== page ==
H. Pylori and Sleep
If you’re an adult, you've probably heard of H. pylori at some point in your life.
H. pylori is a bacteria that is common in a lot of people. It is the main cause of peptic ulcers, and as many as 50% of adults have this bacteria in their stomachs, at some point in their lives.
H. pylori is probably one of the most common imbalances that we see in our clients and if it gets out of balance, it can become a really big issue and have a significant impact on your health and your sleep.
So, what is H. pylori?
H. pylori or Heliobacter pylori is a spiral-shaped bacteria that lives in the walls of your stomach lining and damages cells that secrete stomach acid and it secretes an enzyme that is called urease. Urease neutralizes your stomach acid.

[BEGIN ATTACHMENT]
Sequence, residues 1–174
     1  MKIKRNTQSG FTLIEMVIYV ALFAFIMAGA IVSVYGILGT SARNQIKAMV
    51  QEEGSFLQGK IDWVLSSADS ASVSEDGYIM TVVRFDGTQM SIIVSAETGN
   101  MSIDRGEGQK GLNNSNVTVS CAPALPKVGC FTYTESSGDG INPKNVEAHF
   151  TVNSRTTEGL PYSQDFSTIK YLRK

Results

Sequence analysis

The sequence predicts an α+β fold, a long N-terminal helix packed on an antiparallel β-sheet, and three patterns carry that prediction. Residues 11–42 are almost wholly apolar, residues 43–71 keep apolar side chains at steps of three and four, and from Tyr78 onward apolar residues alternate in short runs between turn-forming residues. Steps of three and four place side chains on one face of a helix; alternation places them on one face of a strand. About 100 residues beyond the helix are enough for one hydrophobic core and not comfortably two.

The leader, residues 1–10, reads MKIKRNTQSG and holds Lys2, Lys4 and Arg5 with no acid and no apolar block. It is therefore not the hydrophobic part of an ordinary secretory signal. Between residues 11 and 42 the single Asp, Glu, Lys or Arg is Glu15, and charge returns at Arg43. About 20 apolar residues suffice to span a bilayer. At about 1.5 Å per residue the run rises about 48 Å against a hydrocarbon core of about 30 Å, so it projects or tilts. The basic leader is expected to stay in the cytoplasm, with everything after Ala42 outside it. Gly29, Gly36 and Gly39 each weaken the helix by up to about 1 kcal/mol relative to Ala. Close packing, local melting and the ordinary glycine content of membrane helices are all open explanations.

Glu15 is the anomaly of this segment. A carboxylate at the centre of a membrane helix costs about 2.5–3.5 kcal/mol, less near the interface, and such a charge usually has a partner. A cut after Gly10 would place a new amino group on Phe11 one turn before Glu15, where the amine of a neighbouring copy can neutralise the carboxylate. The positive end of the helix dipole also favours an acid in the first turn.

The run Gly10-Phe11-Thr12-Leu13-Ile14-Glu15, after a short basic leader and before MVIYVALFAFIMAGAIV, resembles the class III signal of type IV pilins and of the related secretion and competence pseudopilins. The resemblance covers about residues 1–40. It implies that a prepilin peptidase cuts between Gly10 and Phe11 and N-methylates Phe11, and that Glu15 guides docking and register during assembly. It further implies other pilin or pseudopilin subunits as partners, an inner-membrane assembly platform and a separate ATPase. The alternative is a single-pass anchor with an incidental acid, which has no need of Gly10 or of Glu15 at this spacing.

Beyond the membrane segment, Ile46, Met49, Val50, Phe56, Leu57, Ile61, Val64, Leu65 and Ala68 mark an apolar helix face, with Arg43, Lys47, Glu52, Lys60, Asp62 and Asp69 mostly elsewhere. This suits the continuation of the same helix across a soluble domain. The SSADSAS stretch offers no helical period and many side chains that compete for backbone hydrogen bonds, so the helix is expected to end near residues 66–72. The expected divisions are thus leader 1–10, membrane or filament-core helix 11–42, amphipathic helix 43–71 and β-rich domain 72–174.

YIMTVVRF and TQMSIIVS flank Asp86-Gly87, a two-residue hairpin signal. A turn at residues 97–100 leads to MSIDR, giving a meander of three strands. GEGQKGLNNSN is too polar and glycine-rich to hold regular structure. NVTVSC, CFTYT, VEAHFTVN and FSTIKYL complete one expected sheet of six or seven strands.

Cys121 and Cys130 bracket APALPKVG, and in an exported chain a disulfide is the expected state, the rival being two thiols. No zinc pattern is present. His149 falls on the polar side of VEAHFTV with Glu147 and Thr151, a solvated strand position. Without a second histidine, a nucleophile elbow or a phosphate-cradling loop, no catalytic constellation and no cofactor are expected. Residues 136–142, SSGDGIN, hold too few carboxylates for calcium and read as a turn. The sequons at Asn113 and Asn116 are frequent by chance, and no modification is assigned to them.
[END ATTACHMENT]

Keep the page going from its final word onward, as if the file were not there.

So, if you have certain levels of H. pylori, you might not have any stomach acid left because of that enzyme that gets excreted from it.
Why is this a problem?
Good levels of stomach acid are crucial to our overall health.
Stomach acid is our first line of defence in the gut because it stops pathogens that we might ingest through food that we didn't wash properly or contaminated water that we drink. Low stomach acid levels allow for the overgrowth of bad bacteria and they can lead to things like candida or parasites because they don't get neutralized by the stomach acid in the gut.
Also, H. pylori is the most common cause of peptic ulcers. If there is a peptic ulcer that is developing in the gut, it is highly likely from an H. pylori infection. If that is the case, this needs to be watched because ulcers can evolve into gastritis and stomach cancer at a later stage.